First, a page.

A recent study has shown that less than 1% of men are taking up their entitlement to ‘additional paternity leave’.

The entitlement to additional paternity leave was introduced by the Government in 2011 as part of its eternal plan to provide a better work-life balance for the UK’s employees. So it’s only been available for 2 years, and recent decisions to change entitlements for working parents mean that it will be abolished in 2015 to be replaced by an entirely flexible leave system. So until then, what do we know about it?

‘Additional paternity leave’ is a separate entitlement from the entitlement to ‘ordinary paternity leave’. Ordinary paternity leave is for a maximum of 2 weeks which must be taken within 56 days after the birth. An employee will only be eligible to take it if they have 26 week’s service by the end of the 15th week before the baby is due.

The same length of service criterion applies to additional paternity leave, but this time, a maximum of 26 weeks’ leave can be taken.

The earliest point at which additional paternity leave can start is when the baby is 20 weeks old, and it is also a requirement that the mother of the baby has returned to work. This means that the mother and the father cannot take their respective leave periods at the same time. Parents would have to use other entitlements if they wanted to be off at the same time, e.g. annual leave or parental leave but even then there are restrictions to that, depending on when the leave is to be taken. The mother of the baby is effectively transferring the rest of her leave over to the father.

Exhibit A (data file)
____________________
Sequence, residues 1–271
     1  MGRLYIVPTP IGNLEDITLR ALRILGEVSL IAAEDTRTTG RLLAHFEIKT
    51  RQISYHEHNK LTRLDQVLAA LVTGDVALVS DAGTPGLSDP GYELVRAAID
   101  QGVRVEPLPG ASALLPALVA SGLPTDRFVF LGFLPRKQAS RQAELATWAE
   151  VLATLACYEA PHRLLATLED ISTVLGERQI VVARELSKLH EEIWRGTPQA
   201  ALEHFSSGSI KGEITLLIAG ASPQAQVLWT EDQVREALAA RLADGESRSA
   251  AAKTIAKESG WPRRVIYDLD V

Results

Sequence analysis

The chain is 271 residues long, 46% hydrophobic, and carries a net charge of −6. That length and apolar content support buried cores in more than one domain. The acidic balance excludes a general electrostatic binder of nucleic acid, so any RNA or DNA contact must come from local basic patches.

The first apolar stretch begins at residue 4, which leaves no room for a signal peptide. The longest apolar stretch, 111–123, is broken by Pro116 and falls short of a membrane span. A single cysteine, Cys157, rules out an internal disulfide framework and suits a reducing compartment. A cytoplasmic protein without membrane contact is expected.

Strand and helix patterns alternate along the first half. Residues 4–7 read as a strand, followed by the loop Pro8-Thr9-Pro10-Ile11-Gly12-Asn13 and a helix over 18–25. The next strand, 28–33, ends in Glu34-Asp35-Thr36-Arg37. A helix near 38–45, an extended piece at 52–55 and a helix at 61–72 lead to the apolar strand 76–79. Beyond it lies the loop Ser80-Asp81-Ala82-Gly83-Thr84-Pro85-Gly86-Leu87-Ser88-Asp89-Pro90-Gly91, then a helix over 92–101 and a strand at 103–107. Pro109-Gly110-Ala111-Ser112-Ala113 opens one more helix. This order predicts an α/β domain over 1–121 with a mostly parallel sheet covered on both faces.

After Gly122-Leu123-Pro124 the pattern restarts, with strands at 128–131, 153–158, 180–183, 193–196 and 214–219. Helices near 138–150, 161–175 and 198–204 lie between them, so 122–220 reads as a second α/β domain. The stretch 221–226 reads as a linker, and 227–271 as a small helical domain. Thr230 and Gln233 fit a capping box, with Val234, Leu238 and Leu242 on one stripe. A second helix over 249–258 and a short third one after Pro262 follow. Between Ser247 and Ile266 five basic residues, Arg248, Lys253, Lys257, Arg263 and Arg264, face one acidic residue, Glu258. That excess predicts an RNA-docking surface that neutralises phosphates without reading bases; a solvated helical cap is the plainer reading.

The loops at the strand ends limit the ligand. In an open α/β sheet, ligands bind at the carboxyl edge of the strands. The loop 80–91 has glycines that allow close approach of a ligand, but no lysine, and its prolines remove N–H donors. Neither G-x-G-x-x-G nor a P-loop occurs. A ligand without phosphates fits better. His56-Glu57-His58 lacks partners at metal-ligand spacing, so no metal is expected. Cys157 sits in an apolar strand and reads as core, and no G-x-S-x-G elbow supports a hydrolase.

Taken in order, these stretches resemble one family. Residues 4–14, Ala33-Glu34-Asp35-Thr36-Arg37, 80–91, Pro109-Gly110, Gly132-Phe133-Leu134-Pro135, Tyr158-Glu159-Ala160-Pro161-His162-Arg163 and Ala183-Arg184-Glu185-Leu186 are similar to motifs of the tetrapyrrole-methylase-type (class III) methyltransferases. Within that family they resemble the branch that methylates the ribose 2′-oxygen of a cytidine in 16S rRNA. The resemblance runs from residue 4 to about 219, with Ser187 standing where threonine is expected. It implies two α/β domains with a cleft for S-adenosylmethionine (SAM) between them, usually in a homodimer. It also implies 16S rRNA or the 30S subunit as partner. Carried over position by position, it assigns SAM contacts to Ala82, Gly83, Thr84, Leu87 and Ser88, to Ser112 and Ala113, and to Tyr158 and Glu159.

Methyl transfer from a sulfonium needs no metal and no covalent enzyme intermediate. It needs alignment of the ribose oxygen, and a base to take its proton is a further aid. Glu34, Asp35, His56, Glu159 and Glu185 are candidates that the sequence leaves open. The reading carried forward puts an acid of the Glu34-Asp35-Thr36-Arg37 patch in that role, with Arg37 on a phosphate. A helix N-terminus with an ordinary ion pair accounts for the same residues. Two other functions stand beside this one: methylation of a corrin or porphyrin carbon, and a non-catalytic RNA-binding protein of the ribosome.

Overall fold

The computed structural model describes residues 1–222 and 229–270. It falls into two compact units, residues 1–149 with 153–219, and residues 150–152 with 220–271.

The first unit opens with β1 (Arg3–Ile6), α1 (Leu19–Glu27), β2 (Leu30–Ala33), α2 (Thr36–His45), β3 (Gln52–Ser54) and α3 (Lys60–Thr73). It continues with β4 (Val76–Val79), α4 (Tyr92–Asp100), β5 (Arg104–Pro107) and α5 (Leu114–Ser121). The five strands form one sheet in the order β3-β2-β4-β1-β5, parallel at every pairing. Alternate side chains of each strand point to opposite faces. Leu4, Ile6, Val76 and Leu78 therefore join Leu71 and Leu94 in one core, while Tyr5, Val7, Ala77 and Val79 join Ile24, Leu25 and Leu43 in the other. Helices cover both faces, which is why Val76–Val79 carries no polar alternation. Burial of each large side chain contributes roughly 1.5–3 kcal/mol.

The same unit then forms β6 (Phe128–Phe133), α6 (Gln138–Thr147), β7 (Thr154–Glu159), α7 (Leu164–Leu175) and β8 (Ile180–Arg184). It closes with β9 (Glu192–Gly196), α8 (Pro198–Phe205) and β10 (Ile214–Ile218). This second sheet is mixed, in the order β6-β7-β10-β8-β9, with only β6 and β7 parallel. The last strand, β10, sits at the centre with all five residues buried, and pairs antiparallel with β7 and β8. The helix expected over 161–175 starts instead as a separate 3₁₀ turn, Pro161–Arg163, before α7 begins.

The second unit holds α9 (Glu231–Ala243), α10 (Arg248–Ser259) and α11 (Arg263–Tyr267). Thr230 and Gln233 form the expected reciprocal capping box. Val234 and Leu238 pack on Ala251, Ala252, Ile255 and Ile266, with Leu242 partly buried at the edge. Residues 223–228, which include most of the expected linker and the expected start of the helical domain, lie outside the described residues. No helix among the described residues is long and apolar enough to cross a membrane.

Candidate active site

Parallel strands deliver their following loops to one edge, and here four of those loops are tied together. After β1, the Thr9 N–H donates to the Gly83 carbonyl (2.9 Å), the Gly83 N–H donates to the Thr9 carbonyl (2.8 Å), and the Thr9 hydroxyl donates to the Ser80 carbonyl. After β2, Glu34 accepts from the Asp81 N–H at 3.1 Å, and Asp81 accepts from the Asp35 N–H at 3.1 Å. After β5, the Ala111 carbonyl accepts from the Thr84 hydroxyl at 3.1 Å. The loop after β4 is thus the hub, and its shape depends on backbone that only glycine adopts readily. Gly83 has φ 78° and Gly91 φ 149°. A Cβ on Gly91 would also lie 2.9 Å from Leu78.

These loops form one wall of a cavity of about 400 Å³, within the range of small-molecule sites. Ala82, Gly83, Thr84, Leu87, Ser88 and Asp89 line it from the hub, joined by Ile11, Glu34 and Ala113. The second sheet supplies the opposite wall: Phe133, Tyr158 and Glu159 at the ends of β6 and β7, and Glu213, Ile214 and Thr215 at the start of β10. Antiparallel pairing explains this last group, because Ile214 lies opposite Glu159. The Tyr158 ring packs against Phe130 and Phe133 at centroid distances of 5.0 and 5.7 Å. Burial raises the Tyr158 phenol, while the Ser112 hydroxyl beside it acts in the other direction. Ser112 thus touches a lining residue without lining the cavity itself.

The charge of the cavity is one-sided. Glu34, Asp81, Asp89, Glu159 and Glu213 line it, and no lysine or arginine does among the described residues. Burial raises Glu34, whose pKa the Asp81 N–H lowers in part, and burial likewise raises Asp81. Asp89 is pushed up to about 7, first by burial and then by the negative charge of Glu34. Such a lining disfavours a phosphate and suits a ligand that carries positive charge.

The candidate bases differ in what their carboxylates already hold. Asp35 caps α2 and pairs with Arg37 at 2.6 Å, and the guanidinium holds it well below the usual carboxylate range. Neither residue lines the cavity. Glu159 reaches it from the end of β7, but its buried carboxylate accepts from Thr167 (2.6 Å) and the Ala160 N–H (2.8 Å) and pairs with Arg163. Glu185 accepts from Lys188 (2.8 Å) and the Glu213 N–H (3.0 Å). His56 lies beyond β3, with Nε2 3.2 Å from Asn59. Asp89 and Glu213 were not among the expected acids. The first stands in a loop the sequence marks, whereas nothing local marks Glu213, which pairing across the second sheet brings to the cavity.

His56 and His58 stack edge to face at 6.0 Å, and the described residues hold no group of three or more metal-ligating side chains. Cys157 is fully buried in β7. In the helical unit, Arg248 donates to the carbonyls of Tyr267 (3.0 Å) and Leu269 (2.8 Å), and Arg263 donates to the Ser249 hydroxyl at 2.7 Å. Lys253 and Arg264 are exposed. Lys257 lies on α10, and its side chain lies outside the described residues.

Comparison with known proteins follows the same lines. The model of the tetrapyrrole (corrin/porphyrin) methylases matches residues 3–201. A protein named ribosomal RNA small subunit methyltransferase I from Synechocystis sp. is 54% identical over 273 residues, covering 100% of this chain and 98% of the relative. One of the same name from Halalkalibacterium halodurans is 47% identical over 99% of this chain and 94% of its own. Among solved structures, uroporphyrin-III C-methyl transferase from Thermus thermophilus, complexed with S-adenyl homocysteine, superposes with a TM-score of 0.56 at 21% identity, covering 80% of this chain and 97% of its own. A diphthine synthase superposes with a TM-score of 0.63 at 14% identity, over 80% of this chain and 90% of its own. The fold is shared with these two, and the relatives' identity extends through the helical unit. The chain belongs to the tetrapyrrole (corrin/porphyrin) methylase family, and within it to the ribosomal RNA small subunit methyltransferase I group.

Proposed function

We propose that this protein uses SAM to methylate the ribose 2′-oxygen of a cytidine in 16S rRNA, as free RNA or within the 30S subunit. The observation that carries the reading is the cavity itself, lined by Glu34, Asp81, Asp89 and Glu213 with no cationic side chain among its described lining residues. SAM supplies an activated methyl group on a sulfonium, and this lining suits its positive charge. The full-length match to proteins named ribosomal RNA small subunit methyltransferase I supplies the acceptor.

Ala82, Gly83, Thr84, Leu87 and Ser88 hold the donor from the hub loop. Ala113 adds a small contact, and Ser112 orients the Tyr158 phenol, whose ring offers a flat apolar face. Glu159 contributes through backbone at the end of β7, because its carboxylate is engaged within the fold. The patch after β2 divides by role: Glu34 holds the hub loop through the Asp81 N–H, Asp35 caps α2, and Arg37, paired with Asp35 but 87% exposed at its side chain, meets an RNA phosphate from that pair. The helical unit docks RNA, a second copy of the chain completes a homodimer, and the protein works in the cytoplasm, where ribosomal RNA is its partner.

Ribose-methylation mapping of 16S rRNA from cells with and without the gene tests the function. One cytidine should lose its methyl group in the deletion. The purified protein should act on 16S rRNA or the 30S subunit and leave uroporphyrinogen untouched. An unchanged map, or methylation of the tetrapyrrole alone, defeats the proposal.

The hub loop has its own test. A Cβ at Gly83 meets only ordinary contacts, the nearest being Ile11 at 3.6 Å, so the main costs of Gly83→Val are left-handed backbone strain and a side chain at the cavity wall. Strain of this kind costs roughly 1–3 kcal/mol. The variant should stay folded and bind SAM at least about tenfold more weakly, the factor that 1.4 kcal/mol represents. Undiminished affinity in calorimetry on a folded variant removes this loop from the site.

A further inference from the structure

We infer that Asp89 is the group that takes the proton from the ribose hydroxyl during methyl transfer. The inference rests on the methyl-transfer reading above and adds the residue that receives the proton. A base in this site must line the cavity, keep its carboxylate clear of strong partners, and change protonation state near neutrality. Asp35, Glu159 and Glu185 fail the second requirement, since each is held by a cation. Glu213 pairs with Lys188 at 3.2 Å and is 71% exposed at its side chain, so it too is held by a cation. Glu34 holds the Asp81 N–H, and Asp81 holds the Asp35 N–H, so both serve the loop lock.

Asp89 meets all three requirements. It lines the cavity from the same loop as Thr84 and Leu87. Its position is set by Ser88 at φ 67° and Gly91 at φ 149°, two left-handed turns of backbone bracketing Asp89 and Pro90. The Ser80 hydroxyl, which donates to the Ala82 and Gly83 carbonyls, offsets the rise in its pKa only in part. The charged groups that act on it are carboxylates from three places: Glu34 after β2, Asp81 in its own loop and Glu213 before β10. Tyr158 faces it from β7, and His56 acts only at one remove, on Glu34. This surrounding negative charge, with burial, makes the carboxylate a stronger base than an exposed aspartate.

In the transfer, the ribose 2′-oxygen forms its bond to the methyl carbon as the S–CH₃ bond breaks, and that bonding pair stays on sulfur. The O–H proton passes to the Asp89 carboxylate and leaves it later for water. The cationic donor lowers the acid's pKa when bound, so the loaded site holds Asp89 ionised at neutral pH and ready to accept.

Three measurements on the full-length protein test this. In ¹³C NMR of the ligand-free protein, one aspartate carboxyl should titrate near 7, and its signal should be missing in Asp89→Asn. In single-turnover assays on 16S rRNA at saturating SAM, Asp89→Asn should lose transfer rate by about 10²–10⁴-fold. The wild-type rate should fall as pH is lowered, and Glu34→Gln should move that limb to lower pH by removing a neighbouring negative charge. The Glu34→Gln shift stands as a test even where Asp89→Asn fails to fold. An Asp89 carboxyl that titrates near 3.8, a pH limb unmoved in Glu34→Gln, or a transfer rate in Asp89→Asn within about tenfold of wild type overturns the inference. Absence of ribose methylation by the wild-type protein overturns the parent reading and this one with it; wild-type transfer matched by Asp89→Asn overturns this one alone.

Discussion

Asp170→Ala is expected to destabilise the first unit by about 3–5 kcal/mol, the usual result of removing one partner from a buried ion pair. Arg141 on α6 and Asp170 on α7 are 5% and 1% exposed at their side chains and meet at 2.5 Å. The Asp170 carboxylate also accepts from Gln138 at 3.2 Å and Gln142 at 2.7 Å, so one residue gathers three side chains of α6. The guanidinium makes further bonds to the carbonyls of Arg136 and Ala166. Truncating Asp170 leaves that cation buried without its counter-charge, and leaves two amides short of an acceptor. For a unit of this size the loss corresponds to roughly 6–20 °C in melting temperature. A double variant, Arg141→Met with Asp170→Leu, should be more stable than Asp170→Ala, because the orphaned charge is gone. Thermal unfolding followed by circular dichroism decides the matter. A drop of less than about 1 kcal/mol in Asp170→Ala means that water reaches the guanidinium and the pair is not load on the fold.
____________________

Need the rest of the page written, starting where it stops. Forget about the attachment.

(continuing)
One of the potential reasons why the uptake of additional paternity leave is very low is the fact that the rate of pay during additional paternity leave is fixed at the normal statutory rate of, currently, £136.78. Whilst many companies offer a good maternity package of, for example, 6 months at full pay and 6 months at half pay, very few will have considered offering an enhanced pay entitlement for fathers who wish to take an extended period of time off to allow the mother to go back to work and still keep childcare within the close family. Typically, it is the father who earns more than the mother so most couples choose for the mother to remain off work and the father to continue earning his normal salary. There is, indeed, no requirement for employers to offer any payment in excess of the statutory minimum in terms of rate of payment and its duration.

Statutory payments for fathers on additional paternity leave also stop at the point that the mother’s maternity pay would have stopped, if the leave had remained with the mother. So at the 39 week point after the birth, statutory payments will stop and a father on additional paternity leave will receive no pay for the rest of the leave period.

From 2015, the Government are set to introduce shared parental leave which will mean that parents will be able to break up their periods of leave down to a minimum one week period, which they can alternate for a maximum 50 weeks should they choose.

Ordinary and Additional Paternity Leave are not only available to fathers of a baby, but also to employees who are married to, or the civil partner or partner of the child’s mother or adopter. Whatever the relationship, the employee must have, or expect to have, responsibility for the upbringing of the child.

by Nicola Mullineux

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